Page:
A more complex nose is composed by notes of petrol, resin, apple, citrus and a subtle hint of wood. The sleek but solidly concentrated middle weight plus flavors brim with sappy dry extract that coats the palate on the energetic, persistent and dry finish that displays fine depth. This very dry yet seductive effort isn't particularly refined but it's certainly impressive plus it's sufficiently tightly wound that it should reward up to a decade of cellaring.
Alan Meadows, Burghound.com (Jun 2020)
About this WINE
Though modest in size, Chanson Père & Fils is one of the oldest of Beaune’s great négociant houses, having been founded in 1750 by Simon Verry. The Chanson family, already vineyard owners in Beaune, Savigny and Pernand, took control during the 19th century. In 1999 the company was sold to Bollinger, who appointed Gilles de Courcel to run the business in 2002. The company has kept its old headquarters and maturation cellars in the ‘bastion’, a late medieval stone tower which was one of Beaune’s principal fortifications, with a more modern vinification facility on the edge of town towards Savigny, built in 1974 and undergoing modernisation and extension between 2008 and 2010.
The wines are made by Jean-Pierre Confuron, of Domaine Confuron-Cotetidot in Vosne-Romanée, whose brother Yves supervises Gilles de Courcel’s family domaine in Pommard. The new team has made considerable improvements, beginning in the vineyards which are now ploughed and no longer fertilised. From 2009 the domaine vineyards will be organic. Unusually amongst the major négociants, Chanson reds are made with a good proportion of the stems included. The majority of the wines see about 30 per cent new oak during maturation, with François Frères favoured for red-wine barrels and Damy for white.
The Chanson domaine, increased to 45 hectares by some shrewd purchases in 2006, provides about a quarter of the company’s production which extends to Chablis, the Mâconnais and the Beaujolais. Its own vineyards are entirely in the Côte de Beaune.
Jasper Morris MW, Burgundy Wine Director and author of the award-winning Inside Burgundy comprehensive handbook.
When it comes to the world's greatest white wines, the border between Chassagne and Puligny is the ‘X’ that marks the spot, the treasure at the end of the rainbow. Within a few hundred metres lie five wonderful Grands Crus, three of which are in Chassagne. They are led by the luscious, perfumed but variable Le Montrachet, to which Chassagne gained permission in 1879, along with Puligny, to hyphenate its name.Both Montrachet and the rich, nutty, honeyed Bâtard-Montrachet are shared between Chassagne and Puligny. The fragrant, very fine and rare Criots-Bâtard-Montrachet however, lies entirely within Chassagne's borders. The Grands Crus have their own appellations, which is why Chassagne (or Puligny) does not appear on the label.
Although the most southerly of the three great names of the Côte de Beaune, Chassagne's style is often described as lying between that of Puligny-Montrachet and Meursault: less fine than Puligny, less rich than Meursault but containing elements of both. Chassagne is minerally yet succulent, and often floral with hints of hazelnuts. Despite a bevy of very good Premiers Crus, it is not as good or famous, overall, as Meursault and Puligny, but it is usually extremely good value. Grands Crus should not be opened before eight years of age, and can last for 20 or more. Premiers Crus are at their best from five to 15 years of age; village wines from three to eight.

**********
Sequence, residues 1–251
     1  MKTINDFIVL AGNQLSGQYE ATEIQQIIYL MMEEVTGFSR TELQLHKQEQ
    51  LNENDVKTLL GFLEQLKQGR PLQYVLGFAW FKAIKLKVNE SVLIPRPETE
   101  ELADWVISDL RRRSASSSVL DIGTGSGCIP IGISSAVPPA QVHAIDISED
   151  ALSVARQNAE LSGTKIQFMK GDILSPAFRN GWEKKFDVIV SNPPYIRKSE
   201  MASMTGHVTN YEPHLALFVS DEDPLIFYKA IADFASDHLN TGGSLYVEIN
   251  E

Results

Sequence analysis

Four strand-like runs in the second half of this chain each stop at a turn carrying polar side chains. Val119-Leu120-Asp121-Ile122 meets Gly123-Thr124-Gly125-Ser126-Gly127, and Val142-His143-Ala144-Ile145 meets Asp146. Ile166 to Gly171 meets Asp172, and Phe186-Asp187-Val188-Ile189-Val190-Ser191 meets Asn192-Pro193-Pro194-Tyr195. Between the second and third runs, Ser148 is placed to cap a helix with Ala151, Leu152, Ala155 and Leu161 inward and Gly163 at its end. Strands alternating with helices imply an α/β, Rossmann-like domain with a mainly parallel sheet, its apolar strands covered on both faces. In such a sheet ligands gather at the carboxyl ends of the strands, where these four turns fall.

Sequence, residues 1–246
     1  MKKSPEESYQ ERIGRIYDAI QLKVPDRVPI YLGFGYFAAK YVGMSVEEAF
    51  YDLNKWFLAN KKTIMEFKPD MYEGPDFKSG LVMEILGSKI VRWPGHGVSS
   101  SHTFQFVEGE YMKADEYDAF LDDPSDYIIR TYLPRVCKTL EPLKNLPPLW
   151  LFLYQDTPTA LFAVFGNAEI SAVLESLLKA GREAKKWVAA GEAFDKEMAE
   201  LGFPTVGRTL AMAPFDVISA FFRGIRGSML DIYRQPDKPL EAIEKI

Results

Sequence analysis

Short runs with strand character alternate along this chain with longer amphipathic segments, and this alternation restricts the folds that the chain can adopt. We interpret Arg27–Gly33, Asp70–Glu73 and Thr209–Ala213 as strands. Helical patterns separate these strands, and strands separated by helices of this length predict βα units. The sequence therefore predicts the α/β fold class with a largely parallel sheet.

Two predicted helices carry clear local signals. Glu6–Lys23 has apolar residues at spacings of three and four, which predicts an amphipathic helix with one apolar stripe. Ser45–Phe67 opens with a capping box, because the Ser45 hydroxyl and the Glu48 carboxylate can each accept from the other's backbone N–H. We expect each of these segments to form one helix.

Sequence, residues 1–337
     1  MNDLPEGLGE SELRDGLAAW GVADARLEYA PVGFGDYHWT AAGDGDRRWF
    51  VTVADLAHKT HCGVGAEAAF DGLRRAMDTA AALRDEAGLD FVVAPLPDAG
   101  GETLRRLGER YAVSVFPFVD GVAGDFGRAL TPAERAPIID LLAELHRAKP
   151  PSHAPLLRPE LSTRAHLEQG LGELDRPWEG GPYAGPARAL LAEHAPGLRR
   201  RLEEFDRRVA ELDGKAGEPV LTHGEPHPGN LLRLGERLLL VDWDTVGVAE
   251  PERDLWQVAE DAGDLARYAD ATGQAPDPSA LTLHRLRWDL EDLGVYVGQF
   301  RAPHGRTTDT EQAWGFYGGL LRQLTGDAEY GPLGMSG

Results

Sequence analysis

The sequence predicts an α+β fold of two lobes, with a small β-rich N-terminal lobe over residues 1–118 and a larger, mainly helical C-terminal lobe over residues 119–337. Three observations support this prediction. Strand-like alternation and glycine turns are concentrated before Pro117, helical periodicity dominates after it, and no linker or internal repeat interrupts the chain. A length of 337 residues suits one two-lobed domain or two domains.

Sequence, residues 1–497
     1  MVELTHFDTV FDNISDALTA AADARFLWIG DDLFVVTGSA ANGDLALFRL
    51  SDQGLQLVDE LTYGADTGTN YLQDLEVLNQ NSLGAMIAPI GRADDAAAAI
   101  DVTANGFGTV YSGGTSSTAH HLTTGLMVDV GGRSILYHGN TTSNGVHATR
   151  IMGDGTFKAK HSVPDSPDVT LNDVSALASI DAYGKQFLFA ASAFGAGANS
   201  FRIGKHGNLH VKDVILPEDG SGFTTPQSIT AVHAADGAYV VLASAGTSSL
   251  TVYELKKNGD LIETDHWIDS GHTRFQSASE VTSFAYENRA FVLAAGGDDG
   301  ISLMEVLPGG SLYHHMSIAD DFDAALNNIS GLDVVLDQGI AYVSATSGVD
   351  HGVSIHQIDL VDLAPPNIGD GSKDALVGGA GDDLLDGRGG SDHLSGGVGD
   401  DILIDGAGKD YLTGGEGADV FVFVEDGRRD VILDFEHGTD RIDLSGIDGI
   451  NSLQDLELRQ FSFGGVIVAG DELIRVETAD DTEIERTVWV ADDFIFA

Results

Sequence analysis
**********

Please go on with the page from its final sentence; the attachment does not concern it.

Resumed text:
Perhaps surprisingly, given that the name ‘Montrachet’ is so synonymous with white wine, much of the soil in Chassagne is more suited to Pinot Noir than Chardonnay. Indeed it was only really in the second half of the 20th century that white wines began to dominate here. The reds have a firm tannic style that needs time to soften, with the best examples coming from the Premiers Crus Morgeot, Boudriotte and Clos-St Jean. At their best they combine the weight of the Côte de Nuits with the suppleness of the Côte de Beaune.
- 180 hectares of village Chassagne-Montrachet
- 159 hectares of Premier Cru vineyards. Several of the larger ones are subdivided and may be cited under various different names. The best include Caillerets, Ruchottes, Chaumées, La Boudriotte
- 11 hectares of Grand Cru vineyards: Le Montrachet (part), Bâtard-Montrachet (part) and Criots-Bâtard-Montrachet
- Recommended producers: Ramonet, Niellon
- Recommended restaurant: Le Chassagne (good cuisine and wine list)
Chardonnay is often seen as the king of white wine grapes and one of the most widely planted in the world It is suited to a wide variety of soils, though it excels in soils with a high limestone content as found in Champagne, Chablis, and the Côte D`Or.
Burgundy is Chardonnay's spiritual home and the best White Burgundies are dry, rich, honeyed wines with marvellous poise, elegance and balance. They are unquestionably the finest dry white wines in the world. Chardonnay plays a crucial role in the Champagne blend, providing structure and finesse, and is the sole grape in Blanc de Blancs.
It is quantitatively important in California and Australia, is widely planted in Chile and South Africa, and is the second most widely planted grape in New Zealand. In warm climates Chardonnay has a tendency to develop very high sugar levels during the final stages of ripening and this can occur at the expense of acidity. Late picking is a common problem and can result in blowsy and flabby wines that lack structure and definition.
Recently in the New World, we have seen a move towards more elegant, better- balanced and less oak-driven Chardonnays, and this is to be welcomed.